I am saddened that a fine journalist of Mr. Rosenblatt's caliber would not do his due diligence to both arrive at the correct facts and then present them accurately. I hope that the young man in question works out his difficulties -a process that was underway but is likely to be hindered by this article - and I hope that Mr. Rosenblatt would have the integrity to admit his error in the reporting of this story.

Well put! There is no question that the partnership miyan was not needed to bench gomel and the fact that the student repated such a minyan shows that his beleifs and practices diverge from normative orthodox practice and rulings. The article was very one sided with crticisms based largely on unamed sources. This was either sloppy or biased journalism. I think Gary Rosenblatt is capable better.

What an incredibly one sided article.

I quote: "While some observers say the decision underscores a significant shift to the right, religiously, at YU, others suggest that it reflects a heavy-handed political position that could damage the school’s image in the community".

So basically, the two ways of looking at this story (according to Rosenblatt) are both "negative" (in the view of Rosenblatt).

This is akin to saying about someone suspected of a crime that "some say he is an axe murderer, while others opine that he might actually be a mob hitman".

How about the fact that maybe said individual didn't do anything at all?

Similarly, maybe there is a true and legitimate reason for denying this student Semicha? (Even assuming that Rosenblatt's facts about this story are accurate, something which seems to be contested by commenters above).

Could Rosenblatt not find even a single "expert" or source to opine that the withholding of Semicha just might be for a legitimate reason?

And, by the by, the student claiming that his intention originally was to hold the minyan as a one time event is irrelevant, because presently, he continues to hold it (in his own home!). Obviously, he believes (and continues to believe) in what he is doing.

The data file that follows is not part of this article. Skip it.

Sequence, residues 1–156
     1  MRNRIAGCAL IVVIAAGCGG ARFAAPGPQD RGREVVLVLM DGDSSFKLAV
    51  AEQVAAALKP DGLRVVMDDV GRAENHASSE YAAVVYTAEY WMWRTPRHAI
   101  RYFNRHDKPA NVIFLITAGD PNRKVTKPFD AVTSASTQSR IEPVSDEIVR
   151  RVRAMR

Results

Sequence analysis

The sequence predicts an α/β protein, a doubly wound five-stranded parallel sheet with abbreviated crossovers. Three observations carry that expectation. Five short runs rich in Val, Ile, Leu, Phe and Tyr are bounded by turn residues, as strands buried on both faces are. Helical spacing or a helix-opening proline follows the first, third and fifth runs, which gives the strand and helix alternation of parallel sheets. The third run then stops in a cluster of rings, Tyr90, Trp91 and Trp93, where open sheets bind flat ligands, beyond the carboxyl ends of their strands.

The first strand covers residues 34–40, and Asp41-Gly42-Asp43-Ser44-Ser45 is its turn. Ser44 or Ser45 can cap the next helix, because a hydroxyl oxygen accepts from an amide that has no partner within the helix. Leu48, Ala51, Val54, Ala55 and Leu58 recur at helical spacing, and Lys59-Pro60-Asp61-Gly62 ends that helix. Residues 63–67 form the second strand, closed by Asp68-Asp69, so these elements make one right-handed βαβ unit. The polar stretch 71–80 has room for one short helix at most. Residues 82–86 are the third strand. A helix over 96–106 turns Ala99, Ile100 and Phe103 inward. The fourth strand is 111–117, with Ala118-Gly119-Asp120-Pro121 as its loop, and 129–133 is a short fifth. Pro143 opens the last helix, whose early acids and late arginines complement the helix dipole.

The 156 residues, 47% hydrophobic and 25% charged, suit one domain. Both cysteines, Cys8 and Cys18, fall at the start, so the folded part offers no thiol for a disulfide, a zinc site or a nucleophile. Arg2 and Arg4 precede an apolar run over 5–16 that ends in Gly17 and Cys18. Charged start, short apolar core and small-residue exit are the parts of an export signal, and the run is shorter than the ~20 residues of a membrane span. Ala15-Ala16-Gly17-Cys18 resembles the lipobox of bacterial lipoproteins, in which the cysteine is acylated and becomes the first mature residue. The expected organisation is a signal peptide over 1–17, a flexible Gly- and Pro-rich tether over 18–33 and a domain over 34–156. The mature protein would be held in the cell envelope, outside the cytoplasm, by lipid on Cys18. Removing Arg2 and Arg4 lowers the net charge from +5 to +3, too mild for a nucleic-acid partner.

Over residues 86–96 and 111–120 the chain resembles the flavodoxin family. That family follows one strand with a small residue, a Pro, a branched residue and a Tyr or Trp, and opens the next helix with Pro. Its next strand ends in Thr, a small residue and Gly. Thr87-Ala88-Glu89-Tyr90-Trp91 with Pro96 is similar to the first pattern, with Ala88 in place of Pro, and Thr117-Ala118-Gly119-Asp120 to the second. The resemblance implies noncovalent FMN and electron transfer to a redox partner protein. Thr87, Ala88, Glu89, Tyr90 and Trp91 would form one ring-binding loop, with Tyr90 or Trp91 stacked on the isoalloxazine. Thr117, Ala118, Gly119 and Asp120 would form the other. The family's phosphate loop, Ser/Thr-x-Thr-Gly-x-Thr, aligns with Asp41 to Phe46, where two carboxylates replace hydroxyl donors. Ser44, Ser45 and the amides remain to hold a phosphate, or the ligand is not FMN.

Wow! YU is looking like the Republican party more and more everyday!

What does THAT mean? What's wrong with the Republican party? At least they aren't promoting dubious and fluctuating moral codes like the progressive Democrats and trying to stuff it down our throats...

Mendel Shapiro is a "respected scholar?!" In the same breath as Rabbi/Prof. Sperber? This shows the author has no idea what he is talking about.

No disrespect to Shapiro intended. But you have to know who is who.

I do not know much about Mendel Shapiro, but frankly it is nearly impossible to not be more respected than Sperber

If, as the story indicates, the student organized a one-time partnership minyan in his house to enable his wife to receive an aliyah and bentch Gomel, then Rabbi Penner's statement that no recognized posek allows such a services simply is NOT true. Rav Yehudah Herzl Henkin, the author of Bnai Banim and a recognized posek, in a response to to the original essay of Rabbi Mendel Shapiro allowing partnership minyanim, clearly states that while regular partnership minyanim
in a synagogue or other public venue are not permitted an ad hoc partnership minyan held in a home or private venue may be permitted.